The Kremlin's savage war against Chechen rebels brings Russia's presidency within the grasp of a hard man who shows no pity toward those in his way. But hard can become brittle in a blink of history's eye. And Vladimir Putin still has to demonstrate which he is when things go wrong.

Putin became Russia's acting president with Boris Yeltsin's New Year's Eve resignation. The transfer of power was a deftly managed political lock-in operation:

Putin took power while his commanders were still moving forward in Chechnya, while his allies were counting their gains in December's Duma elections and while Putin was riding high above all rivals in opinion polls. He dominates the field for the election that he must organize within 90 days.

The gains were equally clear for Yeltsin. He at last had a successor popular enough to uphold the immunity deal he had to have before he would leave office. Putin's ruthless prosecution of the Chechen campaign gives him a shot at enforcing his first official decree, which promised Yeltsin protection in retirement.

It was past time for Yeltsin to step down. He has been ineffective as a national leader since multiple heart attacks in 1996. But ego and a succession of politically weak or unreliable prime ministers who would have been unable to protect him kept him in the Kremlin.

This was a deal worth shaving six months off the ailing Yeltsin's second term--for the two men. But Russia and the world still know too little about Vladimir Putin to be confident about what will come next.

The smoothness of the transfer of power has generated expectations of stability to come for Russia. That is clearly the hope of the Clinton administration, which was surprised by Yeltsin's decision but not distressed to see him finally go.

The presumption of redeemability that the administration offered Yeltsin throughout his erratic tenure wore thin in his final months. Now the Clinton team must resist what will be its natural temptation: to extend that presumption to Putin immediately and get involved once again in the Russian elections on the side of "reformers"--a phrase Secretary of State Madeleine Albright seems to use as synonymous for people who do or will do favors for the United States.

A Yeltsin-tendered invitation for Clinton to visit Moscow in the spring is on the table. Putin's intention to reduce the war in Chechnya by then to a heavy but static occupation through a cosmetic political settlement dictated to local puppets is apparent. So is his hope to get the Duma to move on the stalled START II treaty ratification.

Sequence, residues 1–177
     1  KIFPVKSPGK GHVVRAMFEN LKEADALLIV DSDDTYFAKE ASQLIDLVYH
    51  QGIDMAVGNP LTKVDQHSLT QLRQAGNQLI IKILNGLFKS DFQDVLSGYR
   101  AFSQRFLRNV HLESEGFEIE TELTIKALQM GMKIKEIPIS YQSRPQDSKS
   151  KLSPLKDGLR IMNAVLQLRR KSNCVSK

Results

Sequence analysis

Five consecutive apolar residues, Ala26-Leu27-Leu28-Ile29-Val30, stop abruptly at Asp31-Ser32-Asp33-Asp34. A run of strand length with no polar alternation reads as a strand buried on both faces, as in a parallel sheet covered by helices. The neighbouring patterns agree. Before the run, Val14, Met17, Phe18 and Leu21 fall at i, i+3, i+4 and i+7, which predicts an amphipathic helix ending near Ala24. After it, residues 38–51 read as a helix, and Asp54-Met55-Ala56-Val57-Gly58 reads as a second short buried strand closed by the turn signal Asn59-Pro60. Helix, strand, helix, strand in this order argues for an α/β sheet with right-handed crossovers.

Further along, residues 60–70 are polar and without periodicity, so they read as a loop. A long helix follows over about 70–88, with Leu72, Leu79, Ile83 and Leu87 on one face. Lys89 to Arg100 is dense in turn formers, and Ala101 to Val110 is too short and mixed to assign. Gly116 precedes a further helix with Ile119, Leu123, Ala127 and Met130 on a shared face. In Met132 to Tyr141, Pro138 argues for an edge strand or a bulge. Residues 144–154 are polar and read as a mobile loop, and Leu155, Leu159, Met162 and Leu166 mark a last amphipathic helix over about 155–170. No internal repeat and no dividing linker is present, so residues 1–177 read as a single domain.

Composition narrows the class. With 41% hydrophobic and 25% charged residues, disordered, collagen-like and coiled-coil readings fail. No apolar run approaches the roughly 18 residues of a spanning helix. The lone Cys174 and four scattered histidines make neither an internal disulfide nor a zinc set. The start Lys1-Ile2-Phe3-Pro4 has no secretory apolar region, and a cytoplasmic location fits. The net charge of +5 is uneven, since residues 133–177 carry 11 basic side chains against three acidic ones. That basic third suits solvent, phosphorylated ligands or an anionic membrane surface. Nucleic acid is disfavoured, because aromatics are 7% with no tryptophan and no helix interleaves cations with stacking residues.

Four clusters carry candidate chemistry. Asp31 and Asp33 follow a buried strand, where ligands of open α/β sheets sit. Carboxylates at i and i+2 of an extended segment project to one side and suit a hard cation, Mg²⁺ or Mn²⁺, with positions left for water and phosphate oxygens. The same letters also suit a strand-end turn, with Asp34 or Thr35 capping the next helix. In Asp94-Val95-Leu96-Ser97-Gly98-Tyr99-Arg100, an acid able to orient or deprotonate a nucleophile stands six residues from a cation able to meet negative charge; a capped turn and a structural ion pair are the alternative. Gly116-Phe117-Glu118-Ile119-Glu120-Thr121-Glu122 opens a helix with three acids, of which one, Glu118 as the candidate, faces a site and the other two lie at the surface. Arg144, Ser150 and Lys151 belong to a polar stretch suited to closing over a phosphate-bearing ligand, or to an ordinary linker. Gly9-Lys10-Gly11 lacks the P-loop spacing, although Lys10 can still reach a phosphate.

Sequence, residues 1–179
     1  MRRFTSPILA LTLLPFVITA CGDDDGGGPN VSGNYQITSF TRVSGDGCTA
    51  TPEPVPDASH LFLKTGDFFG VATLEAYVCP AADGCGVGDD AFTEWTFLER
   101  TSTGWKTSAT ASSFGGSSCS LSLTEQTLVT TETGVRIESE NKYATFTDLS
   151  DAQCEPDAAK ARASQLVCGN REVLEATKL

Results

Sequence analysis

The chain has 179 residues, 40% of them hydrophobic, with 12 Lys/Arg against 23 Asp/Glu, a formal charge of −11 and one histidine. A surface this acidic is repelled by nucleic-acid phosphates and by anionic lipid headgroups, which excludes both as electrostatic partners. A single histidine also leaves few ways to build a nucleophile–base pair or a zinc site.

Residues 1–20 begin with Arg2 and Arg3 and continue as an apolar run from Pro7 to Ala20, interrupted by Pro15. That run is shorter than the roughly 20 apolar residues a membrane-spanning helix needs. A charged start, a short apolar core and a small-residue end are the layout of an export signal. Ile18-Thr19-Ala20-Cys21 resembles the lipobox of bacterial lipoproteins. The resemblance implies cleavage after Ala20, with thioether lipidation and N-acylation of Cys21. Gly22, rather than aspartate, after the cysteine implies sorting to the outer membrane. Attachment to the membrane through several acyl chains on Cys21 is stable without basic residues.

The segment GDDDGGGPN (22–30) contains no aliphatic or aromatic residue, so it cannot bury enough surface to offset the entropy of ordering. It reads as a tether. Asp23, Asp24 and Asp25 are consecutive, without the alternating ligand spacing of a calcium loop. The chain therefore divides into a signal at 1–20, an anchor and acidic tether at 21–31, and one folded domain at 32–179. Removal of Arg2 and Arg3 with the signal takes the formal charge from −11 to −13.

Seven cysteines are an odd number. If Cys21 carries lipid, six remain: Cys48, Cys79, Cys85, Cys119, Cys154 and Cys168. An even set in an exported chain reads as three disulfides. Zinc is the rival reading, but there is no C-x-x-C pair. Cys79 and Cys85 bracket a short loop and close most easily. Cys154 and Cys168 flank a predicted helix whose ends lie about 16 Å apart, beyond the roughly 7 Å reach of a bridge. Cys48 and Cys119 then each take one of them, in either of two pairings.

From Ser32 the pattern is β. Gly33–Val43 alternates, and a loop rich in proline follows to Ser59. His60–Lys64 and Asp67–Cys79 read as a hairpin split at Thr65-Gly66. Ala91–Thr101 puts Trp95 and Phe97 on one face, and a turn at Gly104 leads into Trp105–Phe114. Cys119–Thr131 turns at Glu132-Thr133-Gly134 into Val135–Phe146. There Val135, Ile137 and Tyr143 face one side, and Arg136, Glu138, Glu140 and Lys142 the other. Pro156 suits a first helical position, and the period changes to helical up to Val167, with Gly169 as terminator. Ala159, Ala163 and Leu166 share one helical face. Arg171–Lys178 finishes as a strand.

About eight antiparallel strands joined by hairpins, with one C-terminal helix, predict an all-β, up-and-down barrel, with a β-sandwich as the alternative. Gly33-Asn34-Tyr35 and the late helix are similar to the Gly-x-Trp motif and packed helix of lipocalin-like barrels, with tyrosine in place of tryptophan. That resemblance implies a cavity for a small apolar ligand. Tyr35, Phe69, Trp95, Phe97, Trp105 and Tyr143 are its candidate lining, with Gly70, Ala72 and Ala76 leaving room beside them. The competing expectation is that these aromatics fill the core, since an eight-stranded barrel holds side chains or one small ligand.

But these are not sufficient to justify high-profile U.S. involvement on his behalf. The administration should not warmly embrace the new Kremlin boss and claim vindication of its Russian policy on the strength of those moves alone, which show Putin's KGB-honed skill of manipulation and sense of timing as much as anything else.

Putin must conduct elections that demonstrate a genuine commitment to democracy and stability for Russia. And he must include Chechnya's elected president, Aslan Maskhadov, in serious negotiations to end the war. Washington can play the crucial role in turning Putin away from a cosmetic but unstable settlement to the war by making clear now that it will not embrace such an outcome.

Would Putin be sensitive to outside opinion? There are reasons to think so. It matters that Putin, who is 47, is a rarity among Kremlin leaders: He has lived outside his national frontiers and is proficient in a foreign language. He learned German when he was posted by the KGB to East Germany in the final Soviet years, at a time and place when many of its agents were involved in setting up or managing commercial enterprises for the agency.

His contacts with politicians from his native St. Petersburg, especially Yeltsin favorite Anatoly Chubais, were instrumental to his making his way into the presidential administration and into Yeltsin's favor after the KGB.

Yeltsin leaves behind a Russia mired in a bloody war, a failed economy and galloping corruption that will undermine Putin's rule if he does not deal with it quickly. Yeltsin never dealt with it at all. He strides into history resembling the fictional financier of whom Anthony Trollope wrote:

"Such a man rises above honesty as a great general rises above humanity when he sacrifices an army to conquer a nation. Such greatness is incompatible with small scruples. A pygmy man is stopped by a little ditch, but a giant stalks over rivers."